I must confess — I didn’t actually want to read “Sense and Sensibility.”
It was mid-June and I was sprawled on the floor of my childhood friend’s bedroom, listening to the choppy audio and occasional laughs emanating from the corner of her bed where she was wrapped in blankets, scrolling through TikTok. I sat up and started scanning her bookshelves, pulled out Jane Austen’s “Sense and Sensibility” and read the first 30 pages before realizing that it was boring and I’d rather not. But it was too late — 30 pages is a lot when you’re reading Austen’s tiny font size and dizzying sentence structure. I couldn’t throw away my hard work, so I read the whole book.
Surprisingly, I don’t regret it. Sure, “Sense and Sensibility” is frustratingly long and overall quite boring, and the actual plot doesn’t start until over halfway into the book — but none of these unfortunate aspects detract from an incredibly thoughtful and redemptive ending that has stuck with me these past couple of months.
“Sense and Sensibility” is essentially about the love lives of two sisters (though I would argue that it’s more a character study than a romance). Elinor, the elder of the two, is level-headed and always strives to do what’s right. She tends to think thoroughly about an issue before deciding on a course of action. Marianne is pretty much her opposite: spontaneous and passionate in everything, she never holds back from fully expressing her joys and sorrows. Over the course of the novel, both sisters fall in love with men who end up breaking their hearts, and the way they respond to these bitter disappointments is the focal point of the story. Marianne leans into her pain with no restraint, sobbing constantly and refusing to eat. For most of the latter third of the novel, she’s pale-faced and fragile, wandering the house in the dead of night like a ghost. But Elinor, out of love and consideration towards her mother and Marianne, bears her own sorrow with quiet fortitude and carries on without betraying the slightest hint of inner turmoil. When Elinor’s secret heartbreak is revealed, Marianne is shocked and humbled by her sister’s self-denial — that’s the best part of the book.
The boring exposition, monotonous dinner parties and uninspiring conversations are worth it for this singular moment, when Marianne makes a life-altering realization that challenges her entire worldview. Marianne, who always dismissed her sister’s self-possessed manner as a lack of passion, is shocked to find that what she mistook for indifference is actually love in its purest form: restraining oneself for another’s gain.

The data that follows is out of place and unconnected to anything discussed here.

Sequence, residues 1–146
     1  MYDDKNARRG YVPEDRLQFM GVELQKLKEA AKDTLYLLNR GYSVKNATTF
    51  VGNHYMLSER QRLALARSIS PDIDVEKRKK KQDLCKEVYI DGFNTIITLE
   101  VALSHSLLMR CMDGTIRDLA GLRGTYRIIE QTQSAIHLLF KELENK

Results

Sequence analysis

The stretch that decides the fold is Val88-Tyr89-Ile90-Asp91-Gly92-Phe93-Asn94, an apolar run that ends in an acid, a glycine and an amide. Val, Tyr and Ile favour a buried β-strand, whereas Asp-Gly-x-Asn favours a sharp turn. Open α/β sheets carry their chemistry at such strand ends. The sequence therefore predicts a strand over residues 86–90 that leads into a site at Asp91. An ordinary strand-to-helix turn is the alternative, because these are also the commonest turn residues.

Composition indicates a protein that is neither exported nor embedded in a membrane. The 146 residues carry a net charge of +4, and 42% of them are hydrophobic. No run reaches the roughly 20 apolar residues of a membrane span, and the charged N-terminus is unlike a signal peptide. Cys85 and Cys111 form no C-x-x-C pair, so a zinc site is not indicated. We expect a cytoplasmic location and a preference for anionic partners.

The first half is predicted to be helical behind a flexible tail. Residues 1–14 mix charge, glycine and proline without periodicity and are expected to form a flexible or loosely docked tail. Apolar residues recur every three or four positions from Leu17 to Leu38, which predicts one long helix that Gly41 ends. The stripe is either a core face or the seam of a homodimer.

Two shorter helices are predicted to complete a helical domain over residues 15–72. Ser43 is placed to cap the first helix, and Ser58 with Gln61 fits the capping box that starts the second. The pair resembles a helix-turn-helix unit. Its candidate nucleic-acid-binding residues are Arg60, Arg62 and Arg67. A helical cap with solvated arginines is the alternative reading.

Pop culture typically teaches us to associate love with passion and gushy feelings. Everyone says to “follow your heart,” embrace your inner desires and pursue them without reserve. In short, be like Marianne. This individualistic mentality extends to our general attitude toward life — if something good doesn’t feel right to you anymore, maybe it’s time to throw in the towel, because our emotions are everything. To be sure, there are times in life when putting yourself first is the right thing, like if you need to protect yourself from a harmful relationship. That said, this philosophy is problematic when taken too far: As Marianne herself experiences in “Sense and Sensibility,” pursuing your desires without consideration for other people can be hurtful and damaging. This exact brand of selfishness is what caused Marianne’s lover, Willoughby, to break her heart and crush her spirit — just so he could be rich and comfortable. Marianne’s unceasing devotion to her own desires made her so preoccupied with personal sorrow that, to her bitter regret, she was unaware of the immense pain Elinor was shouldering. Ironically, pursuing the intense emotions and desires that we assume will lead to great personal satisfaction can actually result in even greater selfishness.
Contrast this with the image of Elinor, suffering in silence and controlling her own heart-wrenching emotions in order to shield her mother and Marianne — who are already burdened by Willoughby’s betrayal — from the additional blow of Elinor’s heartbreak. This kind of self-denying love is something we recognize in our own lives, most often in our mothers. A loving mom is sacrificial and attentive to their child’s needs. Regardless of how tired or emotionally drained they might be feeling, they somehow set aside their own preferences in order to give their best to their kids. When you think about everything moms do on a daily basis, it sounds exhausting — and yet, a mother’s care is often celebrated as the noblest, most elevated form of love known to humankind. There is true beauty in sacrifice, and it’s far more weighty and honest than the dizzying infatuation that is sometimes passed off as love.
“Sense and Sensibility” illustrates how love is more than just our emotions. It’s about concrete acts of restraining yourself for someone else’s benefit. This kind of love marks a counterculture to our world today, where relationships tend to be based more on what we can gain instead of what we can give.
But if love is a deliberate action, it means that we can still choose to put someone before ourselves, even when we no longer have the help of warm, happy feelings. It means that we can develop deeper relationships based on mutual commitment rather than shallow circumstances or temporary emotions. Ultimately, it means that we can experience unconditional love — and truly, there’s not a thing in the world that can compare to the joy of being fully known and fully loved, no matter what, till the end of time.
Daily Arts Writer Pauline Kim can be reached at firstname.lastname@example.org.